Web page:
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Chief Justice Rush speaks of justice and humility during Red Mass event

October 6, 2016

Indiana Chief Justice Loretta Rush used her keynote address during the Red Mass celebration and dinner in Indianapolis to remind judges and lawyers that they must temper justice with humility.

“Humility allows us to accept that human justice is never ultimate nor do we ever really want it to be,” she said. “The justice that we administer can never fully heal the wounds and scars inflicted in the tragedies of this life … but divine justice can offer hope.”

Rush was among the estimated 175 legal professionals who attended the 57th annual Red Mass Oct. 5 hosted by the Saint Thomas More Society of Indianapolis at Saint John the Evangelist Catholic Church in downtown Indianapolis. Rev. Joseph Tobin, Archbishop of Indianapolis, was the main celebrant and Rev. Monsignor Frederick Easton was the homilist.

At the dinner following the mass, Chief Judge Robin Moberly of the U.S. Bankruptcy Court for the Southern District of Indiana was honored with the 2016 Woman for All Seasons Award.

Along with the Rush and Moberly, members of the state and federal judiciary participating in the Red Mass included Hendricks Superior Judges Robert Freese, Marion Superior Judge David Certo, Indiana Court of Appeals Judge John Baker, Indiana Supreme Court Justices Mark Massa, Steven David and Geoffrey Slaughter, and Judge Jane Magnus-Stinson of the U.S. District Court for the Southern District of Indiana.

The Knights of Columbus Fourth Degree Honor Guard led the procession into the church and Nancy Gargula, U.S. Trustee for Region 10, was the cantor. Easton told the congregants that the “challenge of every age is to be in line with the truth of the Gospel.”  

After the mass, the congregants gathered at the Crowne Plaza Hotel for the annual Saint Thomas More Society of Indianapolis dinner and recognition ceremony. Gregory Cafouros, partner at Kroger Gardis & Regas LLP, praised Moberly for her “sterling achievements” such as leading the campaign to raise money for the guardian ad litem program when the funds ran dry.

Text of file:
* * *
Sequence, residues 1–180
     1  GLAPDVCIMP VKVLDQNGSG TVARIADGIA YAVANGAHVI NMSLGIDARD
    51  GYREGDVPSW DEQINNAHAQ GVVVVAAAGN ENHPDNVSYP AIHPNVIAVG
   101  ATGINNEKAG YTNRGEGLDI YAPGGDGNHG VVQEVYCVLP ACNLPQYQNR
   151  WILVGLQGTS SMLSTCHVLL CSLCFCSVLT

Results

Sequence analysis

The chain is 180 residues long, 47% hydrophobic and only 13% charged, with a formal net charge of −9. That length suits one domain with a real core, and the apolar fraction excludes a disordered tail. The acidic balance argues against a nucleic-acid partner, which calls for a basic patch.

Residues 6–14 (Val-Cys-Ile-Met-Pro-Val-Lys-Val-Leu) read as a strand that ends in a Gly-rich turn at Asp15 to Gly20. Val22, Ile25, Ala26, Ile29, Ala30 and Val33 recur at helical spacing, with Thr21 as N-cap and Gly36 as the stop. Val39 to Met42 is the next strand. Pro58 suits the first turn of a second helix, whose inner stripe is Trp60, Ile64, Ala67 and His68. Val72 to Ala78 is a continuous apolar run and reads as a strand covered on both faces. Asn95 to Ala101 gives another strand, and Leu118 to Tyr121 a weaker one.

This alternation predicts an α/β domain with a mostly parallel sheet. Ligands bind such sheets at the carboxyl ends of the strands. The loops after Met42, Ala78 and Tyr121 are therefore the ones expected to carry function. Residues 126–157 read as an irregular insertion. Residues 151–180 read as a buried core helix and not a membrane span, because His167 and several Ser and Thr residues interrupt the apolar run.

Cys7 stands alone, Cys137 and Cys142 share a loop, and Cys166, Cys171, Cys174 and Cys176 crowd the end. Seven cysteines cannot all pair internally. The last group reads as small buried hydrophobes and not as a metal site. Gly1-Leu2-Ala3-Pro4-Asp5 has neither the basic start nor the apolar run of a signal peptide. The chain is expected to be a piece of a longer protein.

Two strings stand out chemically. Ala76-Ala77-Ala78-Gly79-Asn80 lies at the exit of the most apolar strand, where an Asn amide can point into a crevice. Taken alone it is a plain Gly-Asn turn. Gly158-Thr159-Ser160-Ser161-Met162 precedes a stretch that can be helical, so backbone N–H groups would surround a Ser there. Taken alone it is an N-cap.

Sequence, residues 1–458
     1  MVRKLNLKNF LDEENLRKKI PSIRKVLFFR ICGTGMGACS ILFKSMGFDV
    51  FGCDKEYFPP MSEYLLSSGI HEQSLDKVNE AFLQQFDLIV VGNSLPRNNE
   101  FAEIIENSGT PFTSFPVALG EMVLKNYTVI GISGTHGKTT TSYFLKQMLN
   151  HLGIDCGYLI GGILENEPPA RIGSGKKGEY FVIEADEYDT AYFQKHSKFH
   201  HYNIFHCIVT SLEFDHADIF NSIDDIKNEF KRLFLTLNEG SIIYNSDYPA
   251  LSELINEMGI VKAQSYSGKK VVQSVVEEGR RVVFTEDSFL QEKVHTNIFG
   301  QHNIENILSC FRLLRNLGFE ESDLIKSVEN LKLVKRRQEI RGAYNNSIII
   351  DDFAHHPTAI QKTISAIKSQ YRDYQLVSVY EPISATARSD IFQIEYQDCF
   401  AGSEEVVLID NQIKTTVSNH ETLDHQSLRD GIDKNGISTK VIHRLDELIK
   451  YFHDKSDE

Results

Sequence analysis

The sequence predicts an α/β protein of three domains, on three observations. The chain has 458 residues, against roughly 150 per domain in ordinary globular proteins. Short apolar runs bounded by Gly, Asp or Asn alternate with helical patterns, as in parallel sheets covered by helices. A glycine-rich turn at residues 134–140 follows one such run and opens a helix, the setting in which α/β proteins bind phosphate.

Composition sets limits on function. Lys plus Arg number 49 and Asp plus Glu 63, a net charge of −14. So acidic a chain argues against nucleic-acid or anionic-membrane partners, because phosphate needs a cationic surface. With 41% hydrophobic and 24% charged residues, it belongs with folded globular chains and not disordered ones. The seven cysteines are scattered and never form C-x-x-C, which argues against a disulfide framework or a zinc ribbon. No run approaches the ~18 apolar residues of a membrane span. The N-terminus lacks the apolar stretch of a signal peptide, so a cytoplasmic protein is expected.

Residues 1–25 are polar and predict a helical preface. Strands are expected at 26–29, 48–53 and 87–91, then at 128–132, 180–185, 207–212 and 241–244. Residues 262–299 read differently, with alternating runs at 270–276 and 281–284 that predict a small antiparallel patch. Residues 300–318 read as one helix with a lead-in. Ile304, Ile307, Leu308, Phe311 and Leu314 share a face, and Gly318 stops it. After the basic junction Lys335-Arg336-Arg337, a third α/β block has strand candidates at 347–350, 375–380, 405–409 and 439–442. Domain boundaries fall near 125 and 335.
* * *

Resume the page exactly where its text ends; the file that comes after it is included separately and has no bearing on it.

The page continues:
“Her intellect, legal expertise and life experiences match up well with the ideals of Saint Thomas More that we celebrate here tonight,” he said.  

Moberly thanked the Saint Thomas More Society for encouraging the values that lawyers revere like making good decisions for the right reasons. “It’s very important to be reminded of those bedrock principles of our profession and how to make a good life,” she said.  

Rush, speaking for just over 15 minutes, eloquently intertwined texts from revered legal scholars, like Oliver Wendell Holmes and Thomas Jefferson with stories from the Bible. She emphasized that justice is more than the impartial administration of the law, otherwise the past legal decisions upholding the fugitive slave act or the separate but equal doctrine would be considered justice.  

Rather justice must come with humility, she continued. Through humility, judges and lawyers realize they do make mistakes and they must look outside themselves to find true justice.  

“Even though human justice is not ultimate, we all still have a job to do. We must do the good that we know we need to do, recognizing our God-given role to the Constitution’s good servant but God’s first,” she said, referring to More’s last words when he was martyred (He declared he was “the king’s good servant, but God’s first”). “Our understanding of the limits of justice is no basis to give up our constitutional mandate but rather reminds us of why justice should always be tempered with mercy.”
 

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